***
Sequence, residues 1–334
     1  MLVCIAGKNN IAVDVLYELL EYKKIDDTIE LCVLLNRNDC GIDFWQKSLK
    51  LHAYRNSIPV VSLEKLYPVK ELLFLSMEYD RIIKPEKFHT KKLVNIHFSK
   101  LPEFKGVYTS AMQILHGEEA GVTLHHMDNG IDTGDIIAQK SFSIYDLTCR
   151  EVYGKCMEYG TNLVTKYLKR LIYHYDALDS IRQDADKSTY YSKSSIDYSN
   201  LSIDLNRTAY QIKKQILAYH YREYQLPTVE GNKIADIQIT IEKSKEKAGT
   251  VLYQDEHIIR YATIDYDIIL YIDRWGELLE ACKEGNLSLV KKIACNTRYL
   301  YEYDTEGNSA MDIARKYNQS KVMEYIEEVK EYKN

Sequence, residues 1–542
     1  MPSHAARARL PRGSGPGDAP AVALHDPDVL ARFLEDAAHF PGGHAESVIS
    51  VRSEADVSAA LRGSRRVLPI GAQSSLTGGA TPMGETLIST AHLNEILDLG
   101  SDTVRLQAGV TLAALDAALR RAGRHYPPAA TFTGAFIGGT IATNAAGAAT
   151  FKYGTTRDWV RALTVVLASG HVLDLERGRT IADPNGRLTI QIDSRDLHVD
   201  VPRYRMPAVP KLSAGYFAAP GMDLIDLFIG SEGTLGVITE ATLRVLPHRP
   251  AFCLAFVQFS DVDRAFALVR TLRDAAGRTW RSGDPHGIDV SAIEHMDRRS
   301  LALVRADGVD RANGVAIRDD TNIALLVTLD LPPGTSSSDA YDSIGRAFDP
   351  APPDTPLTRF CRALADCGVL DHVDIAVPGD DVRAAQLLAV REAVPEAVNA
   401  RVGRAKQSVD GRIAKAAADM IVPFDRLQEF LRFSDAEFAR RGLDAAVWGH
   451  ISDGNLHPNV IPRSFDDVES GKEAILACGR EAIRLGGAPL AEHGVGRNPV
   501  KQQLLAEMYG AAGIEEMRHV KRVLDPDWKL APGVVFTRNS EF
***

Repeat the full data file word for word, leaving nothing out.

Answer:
Sequence, residues 1–334
     1  MLVCIAGKNN IAVDVLYELL EYKKIDDTIE LCVLLNRNDC GIDFWQKSLK
    51  LHAYRNSIPV VSLEKLYPVK ELLFLSMEYD RIIKPEKFHT KKLVNIHFSK
   101  LPEFKGVYTS AMQILHGEEA GVTLHHMDNG IDTGDIIAQK SFSIYDLTCR
   151  EVYGKCMEYG TNLVTKYLKR LIYHYDALDS IRQDADKSTY YSKSSIDYSN
   201  LSIDLNRTAY QIKKQILAYH YREYQLPTVE GNKIADIQIT IEKSKEKAGT
   251  VLYQDEHIIR YATIDYDIIL YIDRWGELLE ACKEGNLSLV KKIACNTRYL
   301  YEYDTEGNSA MDIARKYNQS KVMEYIEEVK EYKN

Sequence, residues 1–542
     1  MPSHAARARL PRGSGPGDAP AVALHDPDVL ARFLEDAAHF PGGHAESVIS
    51  VRSEADVSAA LRGSRRVLPI GAQSSLTGGA TPMGETLIST AHLNEILDLG
   101  SDTVRLQAGV TLAALDAALR RAGRHYPPAA TFTGAFIGGT IATNAAGAAT
   151  FKYGTTRDWV RALTVVLASG HVLDLERGRT IADPNGRLTI QIDSRDLHVD
   201  VPRYRMPAVP KLSAGYFAAP GMDLIDLFIG SEGTLGVITE ATLRVLPHRP
   251  AFCLAFVQFS DVDRAFALVR TLRDAAGRTW RSGDPHGIDV SAIEHMDRRS
   301  LALVRADGVD RANGVAIRDD TNIALLVTLD LPPGTSSSDA YDSIGRAFDP
   351  APPDTPLTRF CRALADCGVL DHVDIAVPGD DVRAAQLLAV REAVPEAVNA
   401  RVGRAKQSVD GRIAKAAADM IVPFDRLQEF LRFSDAEFAR RGLDAAVWGH
   451  ISDGNLHPNV IPRSFDDVES GKEAILACGR EAIRLGGAPL AEHGVGRNPV
   501  KQQLLAEMYG AAGIEEMRHV KRVLDPDWKL APGVVFTRNS EF